The attitude you and your husband have toward money can be the key to a successful and peaceful reintegration
I weighed out into their hand 650 talents of silver, and silver vessels worth 200 talents and 100 talents of gold, 20 bowls of gold worth 1,000 darics, and two vessels of fine bright bronze as precious as gold. And I said to them, “You are holy to the LORD, and the vessels are holy, and the silver and the gold are a freewill offering to the LORD, the God of your fathers. Guard them and keep them until you weigh them before the chief priests and the Levites and the heads of fathers’ houses in Israel at Jerusalem, within the chambers of the house of the Lord.” (Ezra 8:26–29)
We came to Jerusalem, and there we remained three days. On the fourth day, within the house of our God, the silver and the gold and the vessels were weighed into the hands of Meremoth the priest, son of Uriah, and with him was Eleazar the son of Phinehas, and with them were the Levites, Jozabad the son of Jeshua and Noadiah the son of Binnui. The whole was counted and weighed, and the weight of everything was recorded. (Ezra 8:32–34)
In her article “Seven Things I Wish I’d Known about Military Marriage,” military wife Jacey Eckhart topped the list with, “I wish I paid a whole lot more attention to money.”1 Couples often do not realize the role money plays in a relationship. The way we spend and account for money can be how we spell TRUST.
Jokes about “retail therapy” can bring a smile, but the result of emotional spending can be anything but funny. Budgeting for an occasional splurge is fun and, I would argue, even healthy. But when spending money becomes a necessary part of celebrating or forgetting the highs and lows of life, a flag should go up.
When spending money becomes a necessary part of celebrating or forgetting the lows of life, a flag should go up
“Arguments about money are by far the top predictor of divorce. It’s not children, sex, in-laws, or anything else. It’s money—for both men and women.” This statement from researcher Sonya Britt gives insight into why finances are a topic included in official deployment and redeployment briefings. Another study, “Examining the Relationship between Financial Issues and Divorce”, substantiates Britt’s statement. That research also confirms that arguments about money tend to be more intense and last longer than other types of marital disagreements.2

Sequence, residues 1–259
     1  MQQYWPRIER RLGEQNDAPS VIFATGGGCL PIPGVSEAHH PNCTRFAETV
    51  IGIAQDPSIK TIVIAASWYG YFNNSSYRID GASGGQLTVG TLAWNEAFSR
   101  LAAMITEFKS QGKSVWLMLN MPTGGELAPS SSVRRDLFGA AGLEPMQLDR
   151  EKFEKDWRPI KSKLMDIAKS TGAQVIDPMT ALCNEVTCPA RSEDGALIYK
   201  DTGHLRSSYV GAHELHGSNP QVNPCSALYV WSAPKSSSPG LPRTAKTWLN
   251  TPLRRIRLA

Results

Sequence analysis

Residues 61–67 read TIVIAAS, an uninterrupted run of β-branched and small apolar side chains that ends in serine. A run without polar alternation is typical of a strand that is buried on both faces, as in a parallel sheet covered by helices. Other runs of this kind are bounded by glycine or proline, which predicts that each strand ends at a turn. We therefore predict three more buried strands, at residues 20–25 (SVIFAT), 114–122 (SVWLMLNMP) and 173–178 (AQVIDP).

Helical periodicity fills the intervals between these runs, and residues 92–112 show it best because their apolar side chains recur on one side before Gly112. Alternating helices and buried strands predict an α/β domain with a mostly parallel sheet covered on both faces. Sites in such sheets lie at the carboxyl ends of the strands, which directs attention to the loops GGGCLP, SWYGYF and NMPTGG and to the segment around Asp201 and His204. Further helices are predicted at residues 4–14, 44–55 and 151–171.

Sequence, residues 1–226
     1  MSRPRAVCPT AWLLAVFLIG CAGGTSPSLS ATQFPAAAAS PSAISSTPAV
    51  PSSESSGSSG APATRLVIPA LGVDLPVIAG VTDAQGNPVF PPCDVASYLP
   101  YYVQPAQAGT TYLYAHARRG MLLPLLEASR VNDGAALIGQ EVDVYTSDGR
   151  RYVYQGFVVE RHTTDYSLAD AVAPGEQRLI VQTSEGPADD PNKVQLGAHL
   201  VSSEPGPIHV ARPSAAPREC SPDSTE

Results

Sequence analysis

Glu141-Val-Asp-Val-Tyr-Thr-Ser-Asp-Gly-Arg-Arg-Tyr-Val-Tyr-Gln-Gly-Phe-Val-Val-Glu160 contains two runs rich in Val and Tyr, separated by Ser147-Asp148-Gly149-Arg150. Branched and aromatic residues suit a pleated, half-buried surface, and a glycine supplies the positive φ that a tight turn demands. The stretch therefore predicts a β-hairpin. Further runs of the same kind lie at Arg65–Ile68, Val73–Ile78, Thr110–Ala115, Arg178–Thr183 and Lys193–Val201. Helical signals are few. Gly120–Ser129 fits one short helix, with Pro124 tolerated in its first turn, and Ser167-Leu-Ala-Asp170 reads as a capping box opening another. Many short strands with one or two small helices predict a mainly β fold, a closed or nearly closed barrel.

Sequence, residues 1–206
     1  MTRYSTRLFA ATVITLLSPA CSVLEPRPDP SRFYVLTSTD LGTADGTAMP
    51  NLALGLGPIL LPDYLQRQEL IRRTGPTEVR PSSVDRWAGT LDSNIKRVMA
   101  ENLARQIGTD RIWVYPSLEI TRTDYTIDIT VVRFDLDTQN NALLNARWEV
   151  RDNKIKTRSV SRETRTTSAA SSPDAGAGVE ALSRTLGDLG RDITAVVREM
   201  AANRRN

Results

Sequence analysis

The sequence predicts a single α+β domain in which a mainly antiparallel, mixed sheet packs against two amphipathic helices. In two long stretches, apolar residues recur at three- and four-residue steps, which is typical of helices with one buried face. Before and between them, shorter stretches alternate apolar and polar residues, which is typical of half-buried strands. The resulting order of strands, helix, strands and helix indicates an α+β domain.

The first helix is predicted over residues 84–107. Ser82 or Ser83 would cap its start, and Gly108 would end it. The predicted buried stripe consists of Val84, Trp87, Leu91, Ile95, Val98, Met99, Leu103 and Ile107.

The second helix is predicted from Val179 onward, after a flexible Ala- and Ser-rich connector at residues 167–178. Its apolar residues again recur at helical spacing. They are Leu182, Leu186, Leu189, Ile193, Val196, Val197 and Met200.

Ezra offers a practical lesson on money management for married couples, one of many potential problems. Notice in chapter 8 of Ezra, before he set out to return home and after he arrived home, he directed the travelers to do an accounting of their financial assets. The plan to rebuild the temple would carry with it a cost, and Ezra was careful to guard the funds entrusted to him.
Dear one, do not discount the importance of making a financial plan for your marriage, especially during deployment. Rebuilding always has a cost, whether monetary or emotional. The attitude you and your husband have toward money can be the key to a successful and peaceful reintegration.
What have you and your husband done to navigate the financial issues of marriage? What can you do to ensure financial success as you look toward reintegration?
Prayer for the Journey
Father, help me to do my part in making my marriage financially sound. Give us wisdom in how we manage our finances and help us to be in unity in the method. Amen.
1 Jacey Eckhart, “7 Things I Wish I’d Known About Military Marriage,” Spousebuzz Blog, March 22, 2012, http://spousebuzz.com/blog/2012/03/7-things-i-wish-id-known-about-military-marriage.html, (accessed March 3, 2015).
2 “Divorce Study: Financial Arguments Early in Relationships May Predict Divorce,” Huff Post, July 12, 2013, http://www.huffingtonpost.com/2013/07/12/divorce-study_n_3587811.html, (accessed March 5, 2015).